Heading into the 1994 season, the Indians were trying to avoid their eighth consecutive losing season. They hadn’t been to the playoffs since 1954, when they lost the World Series in a four-game sweep by the New York Giants. But just as the tides turned for Cleveland in the fictional Major League, which first appeared in movie theaters in 1989, things were about to turn around in real life, too.

While they would fall short during the strike-shortened season — they were 19 games over .500 and one game within the first place Chicago White Sox when the season was called off — the Indians were finally done being a laughingstock around the league. They would go on to win the division in six of the next seven seasons while reaching the World Series in 1995 and 1997. It’s a shame that a team this good could not bring home a championship. A note on the below: overall league rankings are listed in parentheses next to the year.  Read the rest of this entry »

COVID-19 Roundup: A Labor Deal Is Finalized

This is the latest installment of a daily series in which the FanGraphs staff rounds up the latest developments regarding the COVID-19 virus’ effect on baseball.

Yesterday, the United States overtook China and Italy in terms of the total number of confirmed COVID-19 cases, becoming the world leader. While there are over 82,000 confirmed cases, the true number of infections in the U.S. continues to be underreported due to testing deficiencies. As the U.S. domestic situation continues to worsen, things are seemingly under better control in parts of Asia. A locally transmitted infection was reported for the first time in three days in China, and the country’s government has decided to bar the entry of foreign citizens in a continued effort to combat the spread of the virus. It highlights a stark difference in the response to this crisis by the two countries.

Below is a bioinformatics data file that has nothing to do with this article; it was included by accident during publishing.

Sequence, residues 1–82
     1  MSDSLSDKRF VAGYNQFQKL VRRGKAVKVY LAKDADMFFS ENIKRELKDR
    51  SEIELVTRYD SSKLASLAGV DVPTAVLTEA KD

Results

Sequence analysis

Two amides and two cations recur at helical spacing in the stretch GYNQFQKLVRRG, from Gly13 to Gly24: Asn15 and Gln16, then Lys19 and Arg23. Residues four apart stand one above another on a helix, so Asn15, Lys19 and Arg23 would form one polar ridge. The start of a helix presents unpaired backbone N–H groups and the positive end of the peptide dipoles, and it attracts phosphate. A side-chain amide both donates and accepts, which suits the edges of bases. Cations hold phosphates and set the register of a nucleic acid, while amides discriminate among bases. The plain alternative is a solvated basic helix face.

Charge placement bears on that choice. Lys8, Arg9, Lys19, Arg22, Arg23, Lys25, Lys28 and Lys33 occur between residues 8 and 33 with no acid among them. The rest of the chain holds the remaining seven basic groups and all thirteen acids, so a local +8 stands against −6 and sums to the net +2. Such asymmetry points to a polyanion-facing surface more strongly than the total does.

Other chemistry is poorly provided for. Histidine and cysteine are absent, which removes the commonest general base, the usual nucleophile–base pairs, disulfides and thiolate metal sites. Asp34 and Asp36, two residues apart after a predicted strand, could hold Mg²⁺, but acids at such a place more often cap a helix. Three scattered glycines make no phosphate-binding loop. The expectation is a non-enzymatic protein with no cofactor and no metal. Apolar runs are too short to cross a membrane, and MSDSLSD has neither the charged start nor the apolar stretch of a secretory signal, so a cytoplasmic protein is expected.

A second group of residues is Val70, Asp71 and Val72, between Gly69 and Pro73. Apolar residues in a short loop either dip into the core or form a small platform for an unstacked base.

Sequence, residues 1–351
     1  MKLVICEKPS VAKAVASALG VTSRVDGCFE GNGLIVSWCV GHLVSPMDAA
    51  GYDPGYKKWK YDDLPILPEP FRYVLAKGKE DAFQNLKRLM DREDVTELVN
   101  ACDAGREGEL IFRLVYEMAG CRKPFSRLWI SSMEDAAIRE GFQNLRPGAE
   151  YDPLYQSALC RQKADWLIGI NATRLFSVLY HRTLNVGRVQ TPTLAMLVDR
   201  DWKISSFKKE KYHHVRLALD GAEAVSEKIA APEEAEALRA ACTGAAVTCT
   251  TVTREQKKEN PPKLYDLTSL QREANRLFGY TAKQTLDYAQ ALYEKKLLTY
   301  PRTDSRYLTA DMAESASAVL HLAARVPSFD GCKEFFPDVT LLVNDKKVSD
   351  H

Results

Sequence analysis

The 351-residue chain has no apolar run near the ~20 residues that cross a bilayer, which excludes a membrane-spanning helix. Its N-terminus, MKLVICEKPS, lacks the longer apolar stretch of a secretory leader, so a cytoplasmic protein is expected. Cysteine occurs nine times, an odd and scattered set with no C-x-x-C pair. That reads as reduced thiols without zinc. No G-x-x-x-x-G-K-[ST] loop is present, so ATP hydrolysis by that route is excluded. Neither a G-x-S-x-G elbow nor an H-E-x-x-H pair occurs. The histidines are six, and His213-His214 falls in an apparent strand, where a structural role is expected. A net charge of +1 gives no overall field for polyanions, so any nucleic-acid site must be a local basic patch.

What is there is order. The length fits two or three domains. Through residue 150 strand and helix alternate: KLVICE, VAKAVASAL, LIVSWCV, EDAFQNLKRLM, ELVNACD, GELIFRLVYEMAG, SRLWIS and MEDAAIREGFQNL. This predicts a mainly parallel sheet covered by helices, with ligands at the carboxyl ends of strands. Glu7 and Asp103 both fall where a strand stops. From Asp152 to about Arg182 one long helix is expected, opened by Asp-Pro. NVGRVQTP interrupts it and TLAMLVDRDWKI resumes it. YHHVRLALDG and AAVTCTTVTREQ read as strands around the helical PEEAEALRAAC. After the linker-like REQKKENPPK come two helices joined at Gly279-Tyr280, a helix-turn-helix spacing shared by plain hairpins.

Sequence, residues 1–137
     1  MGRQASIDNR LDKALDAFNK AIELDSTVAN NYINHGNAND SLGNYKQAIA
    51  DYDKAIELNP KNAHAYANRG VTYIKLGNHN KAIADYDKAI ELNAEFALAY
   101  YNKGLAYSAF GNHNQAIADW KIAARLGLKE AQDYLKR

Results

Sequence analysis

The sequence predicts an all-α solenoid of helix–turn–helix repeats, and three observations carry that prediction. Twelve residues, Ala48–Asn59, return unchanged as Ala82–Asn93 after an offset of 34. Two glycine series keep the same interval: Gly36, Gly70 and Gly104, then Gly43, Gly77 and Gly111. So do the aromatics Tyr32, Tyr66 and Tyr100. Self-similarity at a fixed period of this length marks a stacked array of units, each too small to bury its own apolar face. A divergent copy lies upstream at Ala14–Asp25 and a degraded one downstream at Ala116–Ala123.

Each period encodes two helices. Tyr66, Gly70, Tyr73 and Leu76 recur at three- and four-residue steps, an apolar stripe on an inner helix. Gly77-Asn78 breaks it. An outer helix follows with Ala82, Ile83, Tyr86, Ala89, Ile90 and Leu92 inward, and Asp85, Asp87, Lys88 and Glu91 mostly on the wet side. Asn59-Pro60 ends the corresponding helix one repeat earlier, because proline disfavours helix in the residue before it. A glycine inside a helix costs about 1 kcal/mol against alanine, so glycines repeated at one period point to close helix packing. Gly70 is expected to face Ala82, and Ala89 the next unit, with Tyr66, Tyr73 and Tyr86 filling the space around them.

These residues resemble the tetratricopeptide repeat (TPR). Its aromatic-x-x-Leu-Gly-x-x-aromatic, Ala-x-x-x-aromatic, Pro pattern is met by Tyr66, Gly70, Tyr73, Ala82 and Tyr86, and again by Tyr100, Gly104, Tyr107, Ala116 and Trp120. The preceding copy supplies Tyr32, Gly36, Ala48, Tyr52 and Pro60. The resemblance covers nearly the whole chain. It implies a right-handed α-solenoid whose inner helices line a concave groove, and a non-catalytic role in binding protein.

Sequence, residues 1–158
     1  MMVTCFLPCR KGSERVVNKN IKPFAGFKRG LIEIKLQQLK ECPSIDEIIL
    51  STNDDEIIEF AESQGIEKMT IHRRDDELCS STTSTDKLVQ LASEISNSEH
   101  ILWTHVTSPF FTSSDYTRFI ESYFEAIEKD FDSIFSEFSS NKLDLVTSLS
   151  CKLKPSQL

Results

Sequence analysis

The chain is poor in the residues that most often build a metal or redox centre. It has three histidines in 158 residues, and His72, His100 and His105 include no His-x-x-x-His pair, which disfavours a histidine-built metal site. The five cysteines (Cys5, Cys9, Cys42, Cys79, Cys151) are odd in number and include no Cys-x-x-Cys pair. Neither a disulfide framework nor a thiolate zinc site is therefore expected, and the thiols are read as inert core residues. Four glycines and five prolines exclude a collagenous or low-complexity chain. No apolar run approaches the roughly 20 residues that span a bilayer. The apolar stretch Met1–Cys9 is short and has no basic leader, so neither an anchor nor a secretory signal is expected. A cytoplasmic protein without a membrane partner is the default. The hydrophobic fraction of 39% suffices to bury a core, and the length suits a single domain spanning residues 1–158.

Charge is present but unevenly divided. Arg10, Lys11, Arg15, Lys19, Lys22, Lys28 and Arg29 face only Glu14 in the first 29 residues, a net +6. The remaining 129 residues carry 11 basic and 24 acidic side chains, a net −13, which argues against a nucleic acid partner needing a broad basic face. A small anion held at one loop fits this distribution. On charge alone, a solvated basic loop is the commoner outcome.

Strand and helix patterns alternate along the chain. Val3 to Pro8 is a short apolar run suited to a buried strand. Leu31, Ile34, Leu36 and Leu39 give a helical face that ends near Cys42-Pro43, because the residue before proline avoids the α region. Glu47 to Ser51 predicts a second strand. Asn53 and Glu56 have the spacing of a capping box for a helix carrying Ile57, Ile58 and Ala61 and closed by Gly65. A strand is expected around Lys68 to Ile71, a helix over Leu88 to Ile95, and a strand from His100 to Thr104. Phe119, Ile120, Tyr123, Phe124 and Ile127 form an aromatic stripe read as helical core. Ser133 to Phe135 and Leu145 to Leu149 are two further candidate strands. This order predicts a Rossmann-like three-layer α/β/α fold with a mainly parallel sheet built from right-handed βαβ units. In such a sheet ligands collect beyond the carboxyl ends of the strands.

A Deal Is Reached Between MLB and the Players Association

With much of the baseball world watching the classic games included as part of the Opening Day at Home festivities, MLB and the MLBPA continued negotiations over what to do in the event of a cancelled season, with a deal reportedly reached in the afternoon:

Read the rest of this entry »

Eric Longenhagen Chat: 3/27/20

Eric A Longenhagen: Howdy from Tempe. I’ve got a busy day today so I’m gonna keep this to the 45-60min territory. Hope you’re all hanging in there, executing your scientific, humanitarian and patriotic duty of social distancing relatively free of mental imbalance.

Noah: Do you have an I-Love-You-Even-Though-You-Always-Hurt-Me prospect?

Eric A Longenhagen: I assume it’ll be Monte Harrison when all is said and done

Andrew: If there is a minor league “season”, would it be played at spring training sites?

Eric A Longenhagen: I have no idea. If I did I’d report it in a way that fed my ego and sense of self importance and you’d already have heard about it.

Old guy: A few weeks ago you mentioned wishing you could have seen Barry Bonds at ASU. I got that chance during a college visit. Incredible physically. Obviously stood out even on a quality college team. 80 grade arrogance. Warmed up apart from the rest of the team. Legendary coach Brock called everyone in, and everyone but Bonds hustled over. Bonds kept playing catch with a ball boy and later sauntered in when he felt like it.

Read the rest of this entry »